By Laura Kemp •
Updated: 31 Mar 2022 • 17:07
Personal data of 1.3 million Iberdrola customers stolen in cyberattack. Image - Iberdrola
The attackers have gained access to data such as the ID, address, telephone number and email address of customers, but not to “financial data (current account or credit card) or data on electricity consumption,” the company said.
Iberdrola has contacted those affected and has reported the events to the Central Technological Investigation Brigade of the Police.
The breach took place on March 15 at I-DE Redes Electricas Inteligentes, the group’s electricity distribution company.
“As soon as we became aware of the attack, the necessary measures were put in place to stop it immediately and prevent its repetition,” said the company in its statement to those affected, which has also brought the facts to the attention of the Data Protection Agency.
The following day, Iberdrola’s systems suffered “massive attacks” that they were able to stop, the same sources revealed. The company relates it to a campaign of cyberattacks that affected other companies and Spanish and European public institutions, such as the Congress of Deputies.
This Tuesday, March 29, the Government approved a package of emergency measures “due to the considerable increase in the risk of cyber attacks for geostrategic reasons” as a result of the war in Ukraine. The plan includes a new “National Cybersecurity Plan” to strengthen the protection of SMEs and public institutions and the approval through a Royal Decree-law of specific cybersecurity regulations for the 5G network, which came into force yesterday, March 30.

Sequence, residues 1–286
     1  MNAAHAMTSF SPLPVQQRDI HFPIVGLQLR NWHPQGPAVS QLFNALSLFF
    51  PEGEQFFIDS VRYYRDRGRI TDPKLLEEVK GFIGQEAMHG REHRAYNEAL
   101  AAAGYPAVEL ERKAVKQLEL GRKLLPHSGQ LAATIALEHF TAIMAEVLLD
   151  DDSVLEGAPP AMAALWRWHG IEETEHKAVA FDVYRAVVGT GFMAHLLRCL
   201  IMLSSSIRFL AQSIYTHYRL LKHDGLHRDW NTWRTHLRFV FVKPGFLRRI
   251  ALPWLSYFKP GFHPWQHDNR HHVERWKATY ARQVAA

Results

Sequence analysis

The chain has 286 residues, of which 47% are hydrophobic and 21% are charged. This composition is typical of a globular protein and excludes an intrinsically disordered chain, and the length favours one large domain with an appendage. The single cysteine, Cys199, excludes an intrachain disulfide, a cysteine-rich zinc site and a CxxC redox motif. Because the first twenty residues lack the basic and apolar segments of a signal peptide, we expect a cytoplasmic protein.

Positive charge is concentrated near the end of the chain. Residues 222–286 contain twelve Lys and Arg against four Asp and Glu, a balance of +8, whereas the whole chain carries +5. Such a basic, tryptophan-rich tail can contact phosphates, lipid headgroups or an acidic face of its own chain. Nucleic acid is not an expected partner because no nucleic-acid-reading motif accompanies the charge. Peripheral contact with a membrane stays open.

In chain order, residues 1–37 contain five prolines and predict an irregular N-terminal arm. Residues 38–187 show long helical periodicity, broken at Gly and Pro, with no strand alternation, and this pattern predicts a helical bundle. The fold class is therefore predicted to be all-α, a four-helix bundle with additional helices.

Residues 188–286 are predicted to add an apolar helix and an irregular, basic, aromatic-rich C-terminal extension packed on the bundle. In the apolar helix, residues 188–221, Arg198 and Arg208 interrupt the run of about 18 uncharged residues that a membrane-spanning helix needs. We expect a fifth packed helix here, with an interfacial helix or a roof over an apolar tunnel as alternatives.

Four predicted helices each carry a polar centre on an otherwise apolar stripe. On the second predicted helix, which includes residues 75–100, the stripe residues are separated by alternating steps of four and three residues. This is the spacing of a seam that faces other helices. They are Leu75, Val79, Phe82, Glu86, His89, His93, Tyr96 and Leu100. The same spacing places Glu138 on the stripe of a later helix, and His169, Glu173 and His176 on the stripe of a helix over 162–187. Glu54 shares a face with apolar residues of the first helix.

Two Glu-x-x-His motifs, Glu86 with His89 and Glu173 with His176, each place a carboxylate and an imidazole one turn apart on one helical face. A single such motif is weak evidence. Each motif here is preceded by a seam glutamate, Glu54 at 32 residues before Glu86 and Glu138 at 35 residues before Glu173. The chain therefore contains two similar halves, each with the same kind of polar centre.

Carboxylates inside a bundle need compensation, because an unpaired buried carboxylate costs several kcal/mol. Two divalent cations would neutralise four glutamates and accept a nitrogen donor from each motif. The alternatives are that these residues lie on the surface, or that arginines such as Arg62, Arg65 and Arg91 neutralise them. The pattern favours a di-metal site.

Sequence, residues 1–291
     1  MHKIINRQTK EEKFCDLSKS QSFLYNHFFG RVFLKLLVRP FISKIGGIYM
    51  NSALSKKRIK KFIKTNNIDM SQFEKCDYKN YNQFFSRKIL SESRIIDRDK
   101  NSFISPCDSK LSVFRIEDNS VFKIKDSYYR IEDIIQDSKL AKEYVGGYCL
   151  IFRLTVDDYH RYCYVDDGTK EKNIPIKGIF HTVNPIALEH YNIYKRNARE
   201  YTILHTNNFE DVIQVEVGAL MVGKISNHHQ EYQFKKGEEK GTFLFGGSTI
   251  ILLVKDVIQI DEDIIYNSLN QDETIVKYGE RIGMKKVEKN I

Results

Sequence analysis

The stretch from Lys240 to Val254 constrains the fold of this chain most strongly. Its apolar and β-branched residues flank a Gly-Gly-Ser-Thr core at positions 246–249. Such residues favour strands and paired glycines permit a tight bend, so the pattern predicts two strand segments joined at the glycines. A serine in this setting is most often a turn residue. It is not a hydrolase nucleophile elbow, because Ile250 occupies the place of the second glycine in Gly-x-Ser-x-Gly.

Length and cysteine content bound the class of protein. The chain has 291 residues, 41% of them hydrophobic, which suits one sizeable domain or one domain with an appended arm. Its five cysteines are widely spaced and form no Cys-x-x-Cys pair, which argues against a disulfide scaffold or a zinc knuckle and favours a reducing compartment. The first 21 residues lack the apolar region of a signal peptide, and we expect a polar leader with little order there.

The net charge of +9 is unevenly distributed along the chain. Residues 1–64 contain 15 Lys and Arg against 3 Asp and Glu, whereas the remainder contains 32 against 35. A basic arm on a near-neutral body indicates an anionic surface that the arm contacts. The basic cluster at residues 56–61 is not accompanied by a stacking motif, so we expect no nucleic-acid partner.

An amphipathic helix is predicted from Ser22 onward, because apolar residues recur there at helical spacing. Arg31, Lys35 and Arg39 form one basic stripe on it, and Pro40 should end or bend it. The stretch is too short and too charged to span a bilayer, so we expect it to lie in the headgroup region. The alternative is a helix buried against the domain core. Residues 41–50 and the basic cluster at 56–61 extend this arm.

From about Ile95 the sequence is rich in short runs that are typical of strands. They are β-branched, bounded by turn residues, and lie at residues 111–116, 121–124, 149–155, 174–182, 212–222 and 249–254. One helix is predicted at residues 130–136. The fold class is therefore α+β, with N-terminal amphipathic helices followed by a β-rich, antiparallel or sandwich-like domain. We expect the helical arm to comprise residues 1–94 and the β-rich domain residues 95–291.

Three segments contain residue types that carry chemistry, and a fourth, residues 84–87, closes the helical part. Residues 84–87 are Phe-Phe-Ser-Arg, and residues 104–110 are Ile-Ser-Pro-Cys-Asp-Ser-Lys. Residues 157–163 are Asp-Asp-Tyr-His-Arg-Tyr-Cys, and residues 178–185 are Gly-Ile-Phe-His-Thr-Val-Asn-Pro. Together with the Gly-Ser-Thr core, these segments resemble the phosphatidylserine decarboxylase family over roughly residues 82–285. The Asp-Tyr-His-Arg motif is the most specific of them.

This type of cyberattack, even if it does not manage to access customer banking data, represents a significant increase in the risk of suffering fraud attempts. Cybercriminals use the stolen information to set up scams with custom hooks, skyrocketing their success rate. attacks known as phishing or smishing are based on this tactic and can defraud victims out of thousands of euros.
Iberdrola warns affected customers in the statement that they “be wary of emails or mobile phone messages that do not have a clear identification of the sender when they ask for reserved information with your account number, credit card data payment or access codes to services”.
“Neither Iberdrola nor any other group company is going to request them by these means,” they added.
The National Institute of Cybersecurity (Incibe) said that affected users should search for themselves on the Internet to detect if their private data is being used without their consent.
It said: “If after conducting an internet search of your personal information you find any data that you do not like or that is being offered without your consent, exercise your rights. The Spanish Agency for Data Protection provides you with the guidelines on how to do it.”
Incibe also reminds you of the need to change passwords for digital services periodically and keep all programs and applications updated to the latest version.
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Originally from UK, Laura is based in Axarquia and is a writer for the Euro Weekly News covering news and features.
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